Kirk Bloodsworth, the first man freed from death row by post-conviction DNA testing will speak at the School of Law on Wednesday, October 5th at 6:00 p.m. in Classroom B. Bloodsworth will be followed by Donald Salzman, from the Skadden Arps law firm in Washington, D.C. Salzman coordinates the pro bono practice of the firm’s Washington lawyers and represents pro bono clients.
This event is sponsored by the organization Students for an Innocence Project (SFIP) and is free and open to the public. The purpose of Students for an Innocence Project is to provide a forum for education and dialogue among students, professors, and members of the legal community regarding the common causes of wrongful conviction of the innocent and to establish an Innocence Project at the Washington and Lee University School of Law.
Bloodsworth, a former Marine, was convicted in 1984 of sexual assault, rape, and first-degree premeditated murder and sentenced to death. The ruling was appealed on the grounds that evidence was withheld at trial, and after receiving a new trial, he was found guilty again and sentenced to two consecutive life terms.
Evidence from the crime scene was finally tested for DNA in 1993, and final reports from state and federal labs concluded that Bloodsworth's DNA did not match any of the evidence received for testing. By the time of his release, Bloodsworth had spent nearly nine years in prison, including two on death row. Almost a decade after his release, the Maryland State’s Attorney announced that a DNA match had been made in the nearly 20-year-old case. That person pled guilty on May 20, 2004 to the murder for which Bloodsworth had been wrongfully convicted.
Bloodsworth’s 20-year journey is chronicled in the book Bloodsworth: The True Story of the First Death Row Inmate Exonerated by DNA written by Tim Junkin. Bloodsworth will be signing copies of the book after the event.
Today, Bloodsworth is a Program Officer for The Justice Project’s Campaign for Criminal Justice Reform and the Justice Project Education Fund, and he has been an ardent supporter of the Innocence Protection Act (IPA) since its introduction in Congress in February 2000. The IPA includes the “Kirk Bloodsworth Post-Conviction DNA Testing Program,” a program that helps states defray the costs of post-conviction DNA testing.
Donald P. Salzman joined Skadden’s Washington office as pro bono counsel in September 2002. After starting his career at a major multi-practice law firm in the areas of general litigation and first amendment law, Mr. Salzman joined the Office of the Public Defender in Montgomery County, Maryland, in 1988 as an assistant public defender. During his nearly 15-year tenure in the Office of the Public Defender, he represented clients at every level in the criminal justice system, including juveniles and adults in misdemeanor, felony and capital cases.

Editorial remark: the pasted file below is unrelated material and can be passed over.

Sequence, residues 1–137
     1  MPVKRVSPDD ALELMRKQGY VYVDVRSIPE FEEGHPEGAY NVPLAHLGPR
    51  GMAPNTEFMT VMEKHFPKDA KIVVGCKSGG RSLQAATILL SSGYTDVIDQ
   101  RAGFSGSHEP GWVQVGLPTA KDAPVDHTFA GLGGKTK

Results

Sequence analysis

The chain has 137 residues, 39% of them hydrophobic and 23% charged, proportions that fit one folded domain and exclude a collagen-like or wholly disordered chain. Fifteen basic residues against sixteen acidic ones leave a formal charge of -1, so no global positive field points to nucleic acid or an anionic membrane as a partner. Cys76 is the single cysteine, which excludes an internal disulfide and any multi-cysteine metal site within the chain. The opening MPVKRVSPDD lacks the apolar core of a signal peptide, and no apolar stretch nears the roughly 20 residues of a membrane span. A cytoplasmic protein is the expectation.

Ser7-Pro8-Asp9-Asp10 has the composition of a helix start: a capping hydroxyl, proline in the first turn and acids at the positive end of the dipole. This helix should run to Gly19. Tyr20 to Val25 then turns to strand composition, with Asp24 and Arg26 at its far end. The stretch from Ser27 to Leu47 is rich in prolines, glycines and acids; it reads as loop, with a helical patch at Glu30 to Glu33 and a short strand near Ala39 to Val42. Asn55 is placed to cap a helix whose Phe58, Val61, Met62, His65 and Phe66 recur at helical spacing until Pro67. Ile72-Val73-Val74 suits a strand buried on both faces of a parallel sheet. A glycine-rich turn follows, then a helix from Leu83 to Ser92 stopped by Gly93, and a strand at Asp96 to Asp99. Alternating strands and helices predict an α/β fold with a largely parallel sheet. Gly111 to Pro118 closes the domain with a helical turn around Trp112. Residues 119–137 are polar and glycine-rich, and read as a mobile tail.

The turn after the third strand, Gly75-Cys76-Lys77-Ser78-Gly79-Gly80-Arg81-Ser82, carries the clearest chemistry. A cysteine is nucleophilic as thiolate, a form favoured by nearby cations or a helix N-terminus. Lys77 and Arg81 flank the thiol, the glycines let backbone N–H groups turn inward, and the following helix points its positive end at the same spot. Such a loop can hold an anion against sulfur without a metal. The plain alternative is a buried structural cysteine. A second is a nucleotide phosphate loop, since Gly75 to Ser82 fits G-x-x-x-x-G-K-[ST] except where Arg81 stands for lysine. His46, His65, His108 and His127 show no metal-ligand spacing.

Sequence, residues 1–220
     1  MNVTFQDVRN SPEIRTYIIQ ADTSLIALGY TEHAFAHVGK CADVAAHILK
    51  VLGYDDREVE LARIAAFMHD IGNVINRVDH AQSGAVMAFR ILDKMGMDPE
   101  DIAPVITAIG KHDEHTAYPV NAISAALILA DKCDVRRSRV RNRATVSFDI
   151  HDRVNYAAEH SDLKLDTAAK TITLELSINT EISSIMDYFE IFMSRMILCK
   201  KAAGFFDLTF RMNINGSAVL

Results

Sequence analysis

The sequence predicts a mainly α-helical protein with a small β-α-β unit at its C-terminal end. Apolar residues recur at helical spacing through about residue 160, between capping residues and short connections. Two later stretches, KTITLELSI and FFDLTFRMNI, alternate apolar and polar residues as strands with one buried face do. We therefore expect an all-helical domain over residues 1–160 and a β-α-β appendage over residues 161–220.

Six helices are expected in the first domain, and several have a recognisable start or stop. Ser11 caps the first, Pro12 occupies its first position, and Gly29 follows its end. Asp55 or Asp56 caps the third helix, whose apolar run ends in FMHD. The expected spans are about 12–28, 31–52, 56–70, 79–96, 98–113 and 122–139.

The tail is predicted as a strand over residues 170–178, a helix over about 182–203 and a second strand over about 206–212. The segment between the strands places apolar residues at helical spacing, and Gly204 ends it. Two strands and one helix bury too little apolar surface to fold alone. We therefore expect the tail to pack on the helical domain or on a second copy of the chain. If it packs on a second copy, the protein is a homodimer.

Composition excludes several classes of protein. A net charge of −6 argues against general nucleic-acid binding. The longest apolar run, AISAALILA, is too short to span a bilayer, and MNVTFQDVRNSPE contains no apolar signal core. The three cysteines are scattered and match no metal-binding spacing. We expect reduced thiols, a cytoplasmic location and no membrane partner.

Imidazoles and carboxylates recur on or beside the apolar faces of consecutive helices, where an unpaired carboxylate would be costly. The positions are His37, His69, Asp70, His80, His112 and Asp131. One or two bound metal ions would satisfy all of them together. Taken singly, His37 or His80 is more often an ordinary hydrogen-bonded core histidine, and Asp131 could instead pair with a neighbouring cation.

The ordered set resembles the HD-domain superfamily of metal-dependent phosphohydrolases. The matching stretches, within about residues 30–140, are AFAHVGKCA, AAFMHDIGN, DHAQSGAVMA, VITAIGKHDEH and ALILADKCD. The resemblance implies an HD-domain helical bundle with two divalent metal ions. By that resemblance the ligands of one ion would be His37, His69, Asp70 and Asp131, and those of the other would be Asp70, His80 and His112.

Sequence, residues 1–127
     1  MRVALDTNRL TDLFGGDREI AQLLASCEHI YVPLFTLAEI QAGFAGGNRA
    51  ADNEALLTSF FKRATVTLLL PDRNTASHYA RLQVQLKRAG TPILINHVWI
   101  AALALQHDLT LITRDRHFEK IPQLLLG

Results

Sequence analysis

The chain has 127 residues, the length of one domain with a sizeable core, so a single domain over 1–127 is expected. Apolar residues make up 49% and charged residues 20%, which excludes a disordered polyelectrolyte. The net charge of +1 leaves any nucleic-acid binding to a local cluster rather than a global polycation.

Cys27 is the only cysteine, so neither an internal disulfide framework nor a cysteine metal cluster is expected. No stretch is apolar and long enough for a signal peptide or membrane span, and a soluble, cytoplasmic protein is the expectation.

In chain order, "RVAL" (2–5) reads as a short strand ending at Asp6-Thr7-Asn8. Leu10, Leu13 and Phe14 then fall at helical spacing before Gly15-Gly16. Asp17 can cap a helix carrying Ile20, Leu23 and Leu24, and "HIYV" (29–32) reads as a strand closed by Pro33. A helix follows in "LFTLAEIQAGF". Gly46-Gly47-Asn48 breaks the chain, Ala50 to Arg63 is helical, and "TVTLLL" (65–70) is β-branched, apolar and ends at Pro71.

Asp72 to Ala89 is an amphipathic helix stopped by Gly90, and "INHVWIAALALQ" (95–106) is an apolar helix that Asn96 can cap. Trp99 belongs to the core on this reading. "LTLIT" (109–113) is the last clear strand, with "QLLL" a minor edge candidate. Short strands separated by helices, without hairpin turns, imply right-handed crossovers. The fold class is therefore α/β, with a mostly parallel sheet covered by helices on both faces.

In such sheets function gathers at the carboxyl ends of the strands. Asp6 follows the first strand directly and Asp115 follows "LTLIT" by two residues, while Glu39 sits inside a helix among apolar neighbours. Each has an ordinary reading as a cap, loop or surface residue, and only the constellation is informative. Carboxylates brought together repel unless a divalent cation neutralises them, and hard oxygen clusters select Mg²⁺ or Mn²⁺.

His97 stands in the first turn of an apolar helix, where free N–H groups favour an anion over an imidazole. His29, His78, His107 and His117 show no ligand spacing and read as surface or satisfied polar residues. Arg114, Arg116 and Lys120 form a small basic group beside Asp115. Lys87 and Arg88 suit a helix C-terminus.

He became a felony trial attorney in 1989 and went on to handle the most serious aggravated felonies. Between 1996 and 2002, Mr. Salzman was a supervisor in the Office of the Public Defender, first overseeing a felony trial team and, later, training and supervising entry-level lawyers while continuing to handle a serious-felony caseload. Mr. Salzman has tried more than 65 felony jury trials and countless misdemeanor cases.
While at Office of the Public Defender, Mr. Salzman started a novel pro bono representation partnership project, involving a collaboration between the Office of the Public Defender, Skadden and other prominent Washington, D.C. law firms. The project provides training and consultation to firm lawyers who agree to represent felony and misdemeanor clients on a pro bono basis in the Circuit Court for Montgomery County, Maryland.
In 1994, Mr. Salzman was named the Allen Murrell award recipient as the outstanding Maryland public defender. He is a past president and current board member of the Mid-Atlantic Innocence Project.
“SFIP is incredibly excited and honored to be hosting this event,” said Laura Hastay 06L, president of SFIP. “Mr. Bloodsworth’s story poignantly highlights many of the problems that plague the American criminal justice system and provides insight that is valuable to the legal community and the general public.”
Hastay added, “Mr. Salzman is well-qualified to inform the audience members about what they can do to make a difference in this area, and he is also a great role model for students and attorneys. We sincerely invite everyone to attend.”Email This Page